This spring, two outstanding Sackler students–Bina Julian (PPET) and Jen Nwankwo (PPET)–were awarded the Tufts Presidential Award for Citizenship and Public Service. Established in 1999 by former university president John DiBiaggio, this award honors both undergraduate and graduate students who have shown substantial commitment to and achievements in building community through service and leadership. To highlight these accomplishments, we interviewed Bina and Jen about the work that led to their nomination and eventual awarding as well as what they do at the bench as well (note: at the time of publishing, Jen was out of town, thus we will update this article once we get a chance to talk with her).
Can you tell us about the work that led to you being nominated for this award?
Bina: I have a really strong desire to help people achieve their goals by increasing their self-awareness and connecting them with opportunities. And a parallel desire to figure out how to scale that impact when something works well…probably because I’m an engineer. That’s what drew me to the Tufts Biomedical Business Club (TBBC).
Our TBBC team runs like a small startup. From the beginning, we all saw the potential to connect Tufts students with professional resources, the Boston biotech community and each other. So we each went out and made connections [see Collaborator List] and designed ways for our members to learn and practice the business of science [see About TBBC]. Soon opportunities started coming to us, external groups reached out to collaborate, and our members were being recruited for jobs. I’m really proud of what we’ve built and how many people we’ve helped over the years.
Receiving this award especially acknowledges the work past and present TBBC leaders have done to shape TBBC into a sustainable and engaging training ground.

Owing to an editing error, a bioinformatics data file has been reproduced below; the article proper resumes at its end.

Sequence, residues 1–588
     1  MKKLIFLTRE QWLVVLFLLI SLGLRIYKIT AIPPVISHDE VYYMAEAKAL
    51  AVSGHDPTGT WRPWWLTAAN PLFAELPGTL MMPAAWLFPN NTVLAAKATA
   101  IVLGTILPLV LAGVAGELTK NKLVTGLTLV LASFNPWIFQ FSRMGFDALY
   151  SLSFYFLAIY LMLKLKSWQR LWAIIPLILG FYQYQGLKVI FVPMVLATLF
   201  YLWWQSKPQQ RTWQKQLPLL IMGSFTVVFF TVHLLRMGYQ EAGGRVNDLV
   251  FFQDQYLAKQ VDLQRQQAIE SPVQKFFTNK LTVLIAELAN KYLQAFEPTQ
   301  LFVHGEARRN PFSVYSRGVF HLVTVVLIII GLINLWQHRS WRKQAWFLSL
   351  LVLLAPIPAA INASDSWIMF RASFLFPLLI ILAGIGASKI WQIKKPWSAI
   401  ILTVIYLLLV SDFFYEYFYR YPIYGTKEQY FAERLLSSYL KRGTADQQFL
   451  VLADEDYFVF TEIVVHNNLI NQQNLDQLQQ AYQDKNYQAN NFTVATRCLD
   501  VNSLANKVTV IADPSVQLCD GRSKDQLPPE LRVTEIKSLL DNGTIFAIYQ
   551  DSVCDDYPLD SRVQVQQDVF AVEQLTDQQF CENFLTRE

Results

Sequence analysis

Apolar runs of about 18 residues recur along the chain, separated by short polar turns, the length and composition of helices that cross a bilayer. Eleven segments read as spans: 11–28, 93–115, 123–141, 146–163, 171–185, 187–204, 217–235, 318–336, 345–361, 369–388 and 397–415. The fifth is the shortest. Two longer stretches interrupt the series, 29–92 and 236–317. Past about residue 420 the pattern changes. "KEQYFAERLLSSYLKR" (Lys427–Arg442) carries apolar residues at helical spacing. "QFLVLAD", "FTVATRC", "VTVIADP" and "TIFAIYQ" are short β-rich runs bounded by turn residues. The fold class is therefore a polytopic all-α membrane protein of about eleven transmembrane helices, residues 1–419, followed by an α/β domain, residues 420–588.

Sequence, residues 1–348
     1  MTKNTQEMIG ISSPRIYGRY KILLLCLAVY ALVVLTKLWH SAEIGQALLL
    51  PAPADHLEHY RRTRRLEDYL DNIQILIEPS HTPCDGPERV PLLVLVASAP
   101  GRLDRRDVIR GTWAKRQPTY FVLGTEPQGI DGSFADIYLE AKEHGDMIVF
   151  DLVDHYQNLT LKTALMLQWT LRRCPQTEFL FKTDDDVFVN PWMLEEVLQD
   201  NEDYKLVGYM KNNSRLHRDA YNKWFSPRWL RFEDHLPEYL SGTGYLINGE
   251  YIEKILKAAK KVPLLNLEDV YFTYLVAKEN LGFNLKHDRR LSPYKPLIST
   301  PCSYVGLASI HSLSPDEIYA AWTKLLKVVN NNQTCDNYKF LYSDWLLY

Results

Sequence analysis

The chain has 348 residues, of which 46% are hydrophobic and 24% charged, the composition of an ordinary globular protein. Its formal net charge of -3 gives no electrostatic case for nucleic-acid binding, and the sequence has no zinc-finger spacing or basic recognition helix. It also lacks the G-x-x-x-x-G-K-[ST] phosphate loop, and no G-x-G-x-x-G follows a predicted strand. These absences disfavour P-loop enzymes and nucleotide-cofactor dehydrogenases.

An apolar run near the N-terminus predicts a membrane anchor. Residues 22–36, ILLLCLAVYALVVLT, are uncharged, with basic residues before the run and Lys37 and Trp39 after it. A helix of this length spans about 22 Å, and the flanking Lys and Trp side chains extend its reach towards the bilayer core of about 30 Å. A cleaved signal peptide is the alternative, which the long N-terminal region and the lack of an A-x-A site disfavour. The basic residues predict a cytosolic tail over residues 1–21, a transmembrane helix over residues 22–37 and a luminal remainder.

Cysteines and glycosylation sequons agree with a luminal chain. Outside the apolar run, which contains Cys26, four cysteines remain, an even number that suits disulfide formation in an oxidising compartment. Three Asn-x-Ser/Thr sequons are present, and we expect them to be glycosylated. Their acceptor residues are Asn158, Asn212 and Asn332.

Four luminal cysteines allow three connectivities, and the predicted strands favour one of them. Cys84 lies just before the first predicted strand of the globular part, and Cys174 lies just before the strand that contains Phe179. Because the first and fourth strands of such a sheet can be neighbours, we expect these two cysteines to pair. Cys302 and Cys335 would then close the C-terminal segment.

Box 1: Tufts Biomedical Business Club
TBBC is a way for researchers to gain industry awareness and professional development. Members get introduced to TBBC by attending our seminars featuring business leaders in several areas including venture capital (Bob Tepper, Third Rock), biotech startups (Sandra Glucksman, Editas), and consulting (Chris Von Seggern, ClearView). Many take a step further and participate in one of our self-guided initiatives, like Case Study Group, Biotech Journal Club, Biotech Buzz or hosting a speaker. Others gain critical business experience by competing in our Tufts New England Case Competition (TUNECC) or the Gordon Institute’s Tufts $100K New Ventures Competition. Regardless of whether or not our members become PIs, entrepreneurs or consultants, we hope their time with TBBC empowers them with the network and perspective to pursue a successful career.
Recent TBBC Connections
Internal Connections: TUSM Advancement Office, Sackler Graduate Student Council, Sackler Dean’s Office, Gordon Institute, Tufts Entrepreneurial Leadership Program, Tufts Center for the Study of Drug Development, Tufts Clinical & Translational Science Institute, Tufts Entrepreneurial Network (of student leaders), Tufts Entrepreneur Society (undergrad group), Tufts Institute for Innovation, Tufts MedStart, Tufts MD-MBA Program , Tufts Office of the Vice Provost Office, Tufts Postdoctoral Association, Tufts Tech Transfer Office, TUSM Public Health and Professional Degree Programs
External Connections: Venture Café, Biotech Connection Boston, Boston Entrepreneurs and Advanced Degree Meetup Group, Northeastern Biotech Entrepreneurs, Boston University BEST Program, Hopkins Biotech Network, MIT Biotech Group, Harvard Graduate Consulting Club, Yale Graduate Consulting Club
Guest speakers from: Back Bay Life Science Advisors, Biologics Consulting Group, Biomille, Brean Capital, BrightMed, Campbell Alliance, Center for Integration of Science and Industry, Bentley University, ClearView Healthcare Partners,Cowen and Company, Cyta Therapeutics, Decision Resources Group, Dyax Corp., Edits, Flagship Ventures, Foundation Medicine, Foundation Medicine, Genzyme, Google, Health Advances, LLC, Johns Hopkins Technology Ventures, LEK Consulting, MPM Capital, Novartis, NYU Entrepreneurial Institute, Polaris Ventures, Propel Careers, RA Capital, Simon-Kucher & Partners, T2 Biosystems, The Isis Group, Third Rock Ventures, Thomas, McNerney & Partners, Tufts Center for the Study of Drug Development, Tufts Gordon Institute, Tufts Institute for Innovation, Vaxess Technologies, Visterra, Inc.
How do you feel that your work connects to your current and future research/career goals?